Marek Klassen, different challenges and new perspectives

After his side’s 99-91 victory over London Lions, we caught up with Worcester Wolves’ captain Marek Klassen to talk about his path to the BBL, Wolves’ slow start to the season and their resurgence in 2017.

A forgettable start to this year’s campaign saw Worcester languishing towards the bottom of the league, a situation not helped by an array of injuries and a shorthanded roster. “We’ve had tough injuries to key guys and at some points early on we were travelling to games with just 5 healthy guys on the team sheet,” Klassen explained.

Going an impressive 5-2 in January and February, the Wolves are now safely back in the playoff picture and Klassen isn’t shocked by the turnaround: “the roster is now 8 or 9 strong, we’re settled and we know we have the pieces to beat the best teams in the league. We’ve always had a strong belief as a group and we knew our record didn’t reflect our ability.”

“For us, it’s now about staying healthy and remaining consistent to close out the year; so we’re able to take some real momentum into the post-season.”

“I want to give a real shout out to the fans, because they’ve been a real 6th man for us, despite the poor start to the year. When they’re cheering us on, or booing a bad call, it gives us a lift. There’s nothing better than playing in front of a sell-out home crowd in a great Arena like this one [University of Worcester Arena].”

Inspiring local support, and more specifically the next generation of basketball talent, is something Klassen is passionate about. “I love that part of the game, we do this job because we love basketball and to get the chance to go out into the community and inspire young people to take up the game [through Worcester Wolves’ community programme] is what it’s all about. Basketball is a great vehicle and we try to inspire the next generation: maybe they too can use it to go to college, make a career or simply keep out of trouble. My wife works at the university and I coach at the local college: I really value the link between basketball and education.”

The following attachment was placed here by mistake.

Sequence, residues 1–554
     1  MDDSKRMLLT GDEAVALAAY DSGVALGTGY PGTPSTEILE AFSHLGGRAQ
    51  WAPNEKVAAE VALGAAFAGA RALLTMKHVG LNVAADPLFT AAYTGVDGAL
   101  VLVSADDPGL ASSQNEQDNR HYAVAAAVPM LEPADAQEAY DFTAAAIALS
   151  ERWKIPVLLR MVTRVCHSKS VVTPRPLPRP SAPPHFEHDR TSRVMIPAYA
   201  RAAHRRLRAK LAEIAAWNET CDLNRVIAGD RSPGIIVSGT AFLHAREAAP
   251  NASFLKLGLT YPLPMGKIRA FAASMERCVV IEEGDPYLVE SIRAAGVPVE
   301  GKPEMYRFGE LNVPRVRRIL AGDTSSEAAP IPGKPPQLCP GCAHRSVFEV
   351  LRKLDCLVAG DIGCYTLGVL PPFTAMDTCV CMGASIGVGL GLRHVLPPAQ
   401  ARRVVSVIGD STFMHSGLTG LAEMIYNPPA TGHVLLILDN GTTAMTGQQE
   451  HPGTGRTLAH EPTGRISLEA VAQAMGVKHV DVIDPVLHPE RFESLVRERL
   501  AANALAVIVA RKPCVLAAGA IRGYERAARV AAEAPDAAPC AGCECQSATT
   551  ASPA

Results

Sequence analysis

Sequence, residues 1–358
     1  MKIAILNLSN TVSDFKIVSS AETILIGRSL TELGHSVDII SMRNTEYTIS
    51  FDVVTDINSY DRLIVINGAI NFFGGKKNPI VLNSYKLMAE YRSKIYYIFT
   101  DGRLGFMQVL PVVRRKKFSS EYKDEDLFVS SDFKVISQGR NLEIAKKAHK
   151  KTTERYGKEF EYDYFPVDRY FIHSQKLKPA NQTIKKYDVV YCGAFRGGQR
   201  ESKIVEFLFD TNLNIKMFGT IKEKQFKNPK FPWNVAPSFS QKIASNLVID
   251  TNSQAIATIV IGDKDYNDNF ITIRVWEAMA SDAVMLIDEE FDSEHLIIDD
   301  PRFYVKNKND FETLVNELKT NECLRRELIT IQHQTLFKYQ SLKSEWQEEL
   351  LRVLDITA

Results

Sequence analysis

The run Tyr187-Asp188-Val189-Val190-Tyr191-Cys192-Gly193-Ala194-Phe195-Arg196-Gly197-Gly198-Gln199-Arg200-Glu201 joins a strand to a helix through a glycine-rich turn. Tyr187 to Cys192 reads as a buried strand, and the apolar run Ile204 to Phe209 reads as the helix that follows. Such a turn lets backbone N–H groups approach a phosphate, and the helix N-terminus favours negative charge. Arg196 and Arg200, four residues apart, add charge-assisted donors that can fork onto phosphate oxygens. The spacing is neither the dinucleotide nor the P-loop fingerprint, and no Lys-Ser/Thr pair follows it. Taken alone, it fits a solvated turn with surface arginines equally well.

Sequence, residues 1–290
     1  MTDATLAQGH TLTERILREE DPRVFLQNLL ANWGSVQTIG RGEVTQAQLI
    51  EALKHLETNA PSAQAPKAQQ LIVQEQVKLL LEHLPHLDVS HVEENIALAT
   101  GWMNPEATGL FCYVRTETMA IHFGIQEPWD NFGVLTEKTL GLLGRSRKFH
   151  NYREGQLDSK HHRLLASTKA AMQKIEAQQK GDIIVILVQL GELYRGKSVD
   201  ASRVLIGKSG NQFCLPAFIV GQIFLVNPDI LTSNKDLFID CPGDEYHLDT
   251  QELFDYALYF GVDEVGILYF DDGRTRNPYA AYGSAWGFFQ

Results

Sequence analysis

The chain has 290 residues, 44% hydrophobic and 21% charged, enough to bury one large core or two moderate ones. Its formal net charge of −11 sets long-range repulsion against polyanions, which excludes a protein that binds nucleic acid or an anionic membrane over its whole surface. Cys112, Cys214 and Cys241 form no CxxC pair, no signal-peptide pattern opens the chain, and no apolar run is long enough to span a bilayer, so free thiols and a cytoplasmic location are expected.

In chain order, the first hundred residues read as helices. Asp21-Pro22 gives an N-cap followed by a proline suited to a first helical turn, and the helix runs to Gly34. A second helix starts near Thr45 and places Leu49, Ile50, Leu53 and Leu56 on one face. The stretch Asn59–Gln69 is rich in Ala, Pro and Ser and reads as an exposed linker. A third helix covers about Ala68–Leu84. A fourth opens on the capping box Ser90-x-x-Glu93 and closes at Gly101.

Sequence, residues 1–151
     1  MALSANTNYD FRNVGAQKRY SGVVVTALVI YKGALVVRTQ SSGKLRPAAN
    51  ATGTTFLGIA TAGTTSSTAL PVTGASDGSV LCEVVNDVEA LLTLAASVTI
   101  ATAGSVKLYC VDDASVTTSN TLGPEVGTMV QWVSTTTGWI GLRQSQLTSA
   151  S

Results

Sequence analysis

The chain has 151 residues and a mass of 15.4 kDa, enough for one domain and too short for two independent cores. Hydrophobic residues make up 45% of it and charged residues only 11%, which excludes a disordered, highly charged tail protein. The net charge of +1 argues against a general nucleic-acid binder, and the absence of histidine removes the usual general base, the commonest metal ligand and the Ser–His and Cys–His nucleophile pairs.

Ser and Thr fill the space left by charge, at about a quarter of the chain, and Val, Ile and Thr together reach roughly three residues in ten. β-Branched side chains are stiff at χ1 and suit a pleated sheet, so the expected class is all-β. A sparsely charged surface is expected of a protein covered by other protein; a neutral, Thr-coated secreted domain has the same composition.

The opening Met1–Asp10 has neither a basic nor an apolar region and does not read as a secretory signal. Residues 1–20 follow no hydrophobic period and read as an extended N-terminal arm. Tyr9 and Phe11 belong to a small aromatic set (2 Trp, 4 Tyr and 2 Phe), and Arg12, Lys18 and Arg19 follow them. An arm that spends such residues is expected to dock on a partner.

Like many overseas imports to the BBL, Klassen’s pro career began in mainland Europe: “my first year out of college I went and played in Romania. It was a real great experience where I got to play against 5  EuroCup teams. The league [Liga Națională] was no joke, so you had to be ready everyday.”

An eye-open experience both on and off the court, the environment and culture brought their own challenges. “It was an interesting experience living in Romania, especially because I didn’t speak the language and communication was difficult. Our stadium and facilities were awesome, seating 6,000 people, but once you stepped outside you were faced with lots of poverty and large areas of deprivation. Experiencing such highs and lows was a real growth opportunity for me and gave me great perspective on how the game is played in other parts of the world.”

After 5 months Klassen made the switch to the UK and signed a contract with Leeds Force to play in the BBL. Having earned rave reviews in an incredible debut season, in which the Canadian guard averaged 17 points and 8 assists per game, Worcester Wolves Head Coach Paul James asked Klassen to join his team and remain in the UK. Whether that deal extends beyond this year remains to be seen, but for now Klassen continues to improve his craft: “playing here in the UK is totally familiar, it’s a comfortable experience very similar to what you find back home in Canada or in the States. It’s a complete contrast from playing in somewhere like Romania, where I would fight to complete basic tasks like ordering something to eat. Here it’s more about not falling into your comfort zone and staying hungry to better yourself each and every day.”

“I’ve had an awesome couple of years playing in the BBL but it’s all about finding the best situation for myself and my wife. I’ve loved my time in Worcester so far. We’ve had some ups and downs but every season is like that. At the end of the season we’ll talk with management and ownership and we’ll go again from there.”

“I don’t look too far ahead, I’m just going to keep working hard and look to improve everyday.”

Image: P.Davies